A majority of respondents had positive experiences related to whether roles and responsibilities were adequately explained to science panel members (80% selected "Always" or "Almost always"), and whether participants felt encouraged to provide their scientific views openly and candidly (82% selected "Yes"). A majority of respondents (> 86%) also either "Sometimes" or "Often" observed or experienced behaviors and processes that encouraged participation during panel deliberations, as shown in Supplemental Figure 1.
Although respondents indicated the frequency with which they experienced external public pressures from various entities when observing or participating on a panel generally occurred was "Rarely" or "Never" (74-89%), when asked about the four areas of groupthink (i.e., error amplification, cascade effects, group polarization, and over-emphasis of unimportant shared information at the expense of important unshared information) the majority indicated this occurred frequently (the sum of "Often" and "Sometimes" responses ranged from 56% to 75% for the four areas) during panel deliberations. The results for each of the four areas are shown in Supplemental Figure 2. Additional problems that respondents noted occur frequently ("Sometimes" or "Often") include expertise gaps amongst panels (78%), domination of deliberations by a specific panel member (72%), over reliance on delegated tasks (57%), discounting of a study based solely on affiliation of investigator or funding source (56%), ad hoc analyses without full opportunity for independent expert verification (51%); overbearing stakeholder (50%); over-bearing panel sponsor (42%); and deference to a panel sponsor (41%).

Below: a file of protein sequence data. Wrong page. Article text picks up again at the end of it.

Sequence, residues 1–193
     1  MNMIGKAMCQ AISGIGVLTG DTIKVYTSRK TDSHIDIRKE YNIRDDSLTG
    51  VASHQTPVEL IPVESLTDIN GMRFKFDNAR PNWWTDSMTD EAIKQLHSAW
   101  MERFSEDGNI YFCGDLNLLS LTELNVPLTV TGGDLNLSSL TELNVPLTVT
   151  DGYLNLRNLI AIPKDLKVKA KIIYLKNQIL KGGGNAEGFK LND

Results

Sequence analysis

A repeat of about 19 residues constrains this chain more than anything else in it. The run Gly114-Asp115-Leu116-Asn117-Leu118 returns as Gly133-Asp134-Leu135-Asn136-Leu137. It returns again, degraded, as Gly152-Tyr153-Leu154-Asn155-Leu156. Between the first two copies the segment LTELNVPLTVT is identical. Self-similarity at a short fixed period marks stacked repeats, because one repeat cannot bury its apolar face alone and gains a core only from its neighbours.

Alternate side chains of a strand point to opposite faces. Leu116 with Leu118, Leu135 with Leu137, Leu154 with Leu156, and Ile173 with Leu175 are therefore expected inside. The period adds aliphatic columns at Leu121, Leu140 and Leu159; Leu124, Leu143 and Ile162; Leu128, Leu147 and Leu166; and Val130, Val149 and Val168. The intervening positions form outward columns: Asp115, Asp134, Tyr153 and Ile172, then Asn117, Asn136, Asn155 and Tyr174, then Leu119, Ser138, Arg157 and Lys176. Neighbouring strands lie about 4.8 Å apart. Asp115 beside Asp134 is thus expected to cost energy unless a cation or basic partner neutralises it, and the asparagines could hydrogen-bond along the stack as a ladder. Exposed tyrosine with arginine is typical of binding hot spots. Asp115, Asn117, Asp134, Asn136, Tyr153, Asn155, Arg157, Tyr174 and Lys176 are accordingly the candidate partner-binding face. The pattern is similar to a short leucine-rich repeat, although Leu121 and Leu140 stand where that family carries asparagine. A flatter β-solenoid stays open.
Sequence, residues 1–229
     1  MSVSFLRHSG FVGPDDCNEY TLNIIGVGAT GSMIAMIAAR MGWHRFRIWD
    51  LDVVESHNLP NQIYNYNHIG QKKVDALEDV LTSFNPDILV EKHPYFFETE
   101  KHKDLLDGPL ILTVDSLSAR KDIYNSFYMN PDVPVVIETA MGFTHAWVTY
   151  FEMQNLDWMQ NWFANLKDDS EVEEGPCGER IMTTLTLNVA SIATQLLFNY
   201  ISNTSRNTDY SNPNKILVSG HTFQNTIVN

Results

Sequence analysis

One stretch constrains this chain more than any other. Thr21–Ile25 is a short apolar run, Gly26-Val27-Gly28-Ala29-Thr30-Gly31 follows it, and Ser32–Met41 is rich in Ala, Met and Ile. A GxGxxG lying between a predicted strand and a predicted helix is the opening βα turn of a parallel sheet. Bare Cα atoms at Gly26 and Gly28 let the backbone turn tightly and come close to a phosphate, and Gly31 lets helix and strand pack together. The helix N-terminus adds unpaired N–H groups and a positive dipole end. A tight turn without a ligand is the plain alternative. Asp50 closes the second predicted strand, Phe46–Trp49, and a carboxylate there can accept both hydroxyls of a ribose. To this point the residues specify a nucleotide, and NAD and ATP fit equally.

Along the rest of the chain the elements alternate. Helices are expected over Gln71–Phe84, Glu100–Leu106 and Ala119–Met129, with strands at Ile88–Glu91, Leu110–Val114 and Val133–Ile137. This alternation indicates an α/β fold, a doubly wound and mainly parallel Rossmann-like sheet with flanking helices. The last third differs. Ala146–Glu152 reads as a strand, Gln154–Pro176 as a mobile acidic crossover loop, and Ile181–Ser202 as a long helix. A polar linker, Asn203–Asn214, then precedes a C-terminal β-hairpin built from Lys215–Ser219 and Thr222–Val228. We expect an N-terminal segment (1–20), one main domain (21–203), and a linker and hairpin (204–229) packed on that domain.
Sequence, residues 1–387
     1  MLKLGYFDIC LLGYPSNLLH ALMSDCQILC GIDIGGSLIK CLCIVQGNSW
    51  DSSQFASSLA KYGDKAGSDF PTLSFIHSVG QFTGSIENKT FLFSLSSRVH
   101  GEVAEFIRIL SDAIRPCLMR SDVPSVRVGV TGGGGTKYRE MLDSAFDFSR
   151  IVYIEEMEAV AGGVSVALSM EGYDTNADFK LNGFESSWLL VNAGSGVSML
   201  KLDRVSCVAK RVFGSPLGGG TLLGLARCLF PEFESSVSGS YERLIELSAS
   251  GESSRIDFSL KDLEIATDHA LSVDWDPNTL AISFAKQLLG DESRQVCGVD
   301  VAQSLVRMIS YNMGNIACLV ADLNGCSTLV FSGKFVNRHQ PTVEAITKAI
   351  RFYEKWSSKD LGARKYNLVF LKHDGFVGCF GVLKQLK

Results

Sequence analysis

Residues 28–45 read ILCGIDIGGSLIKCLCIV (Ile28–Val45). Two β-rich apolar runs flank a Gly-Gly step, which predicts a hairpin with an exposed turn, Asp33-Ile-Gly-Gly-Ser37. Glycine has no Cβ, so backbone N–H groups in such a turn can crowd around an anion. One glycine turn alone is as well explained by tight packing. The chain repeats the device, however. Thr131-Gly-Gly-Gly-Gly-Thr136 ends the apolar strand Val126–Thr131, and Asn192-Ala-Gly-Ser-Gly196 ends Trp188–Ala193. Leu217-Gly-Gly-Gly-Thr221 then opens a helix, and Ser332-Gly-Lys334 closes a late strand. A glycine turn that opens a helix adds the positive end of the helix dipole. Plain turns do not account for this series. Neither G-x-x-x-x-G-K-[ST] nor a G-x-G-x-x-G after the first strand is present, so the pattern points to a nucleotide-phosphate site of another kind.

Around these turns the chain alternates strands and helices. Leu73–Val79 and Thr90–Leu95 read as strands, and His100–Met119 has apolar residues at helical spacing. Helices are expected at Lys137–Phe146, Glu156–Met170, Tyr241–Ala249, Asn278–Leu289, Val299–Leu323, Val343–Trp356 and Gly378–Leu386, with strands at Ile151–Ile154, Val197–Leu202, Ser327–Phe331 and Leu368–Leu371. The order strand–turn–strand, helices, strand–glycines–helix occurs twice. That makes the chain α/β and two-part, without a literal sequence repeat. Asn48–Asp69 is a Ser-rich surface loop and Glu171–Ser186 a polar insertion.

With respect to actions for addressing such issues and problems, three productive design elements were noted by multiple respondents in their text explanations: 1) Effective chairmanship-having an effective chair who can encourage robust discussion, require evidence to support positions, resist bullying, and challenge groupthink; 2) Panel diversity-intentional recruitment of experts and stakeholders from a variety of (sometimes competing) sectors to assure a balance of perspectives in the panel; and 3) Bias transparency-candid declaration of conflicts of interest, unconscious bias training, and strict guidelines on sponsorship; in some cases, recusal/removal of an overly biased panelist.
When asked what their primary motivation was for participating on science peer review panels, participants responded public service (76%); sharing knowledge (70%); collegial interactions (39%); and building their resume (20%). The most prevalent reasons for opting out of participating ("Sometimes" or "Often") were schedule conflicts (55% of respondents) or logistical and travel difficulties (45% of respondents).
A clear majority (77%) of respondents felt that the peer review panel composition should be managed to have a balanced perspective. Yet, the majority of respondents (60%) felt that the panel selection process is either vague or not transparent. Participants indicated the factor rated most important for selection panelists is expertise, defined by academic degree, years of experience, number of publications, etc. Respondents also felt panel balance on science issues is important. Transparency in reporting of expert selection, methods for managing conflicts of interest and bias, identities of experts engaged and methods of expert recruiting were rated of high importance (scores ranging from 4.1 to 4.4 on a scale of 1 to 5 - between important and very important) (Supplemental Figure 12).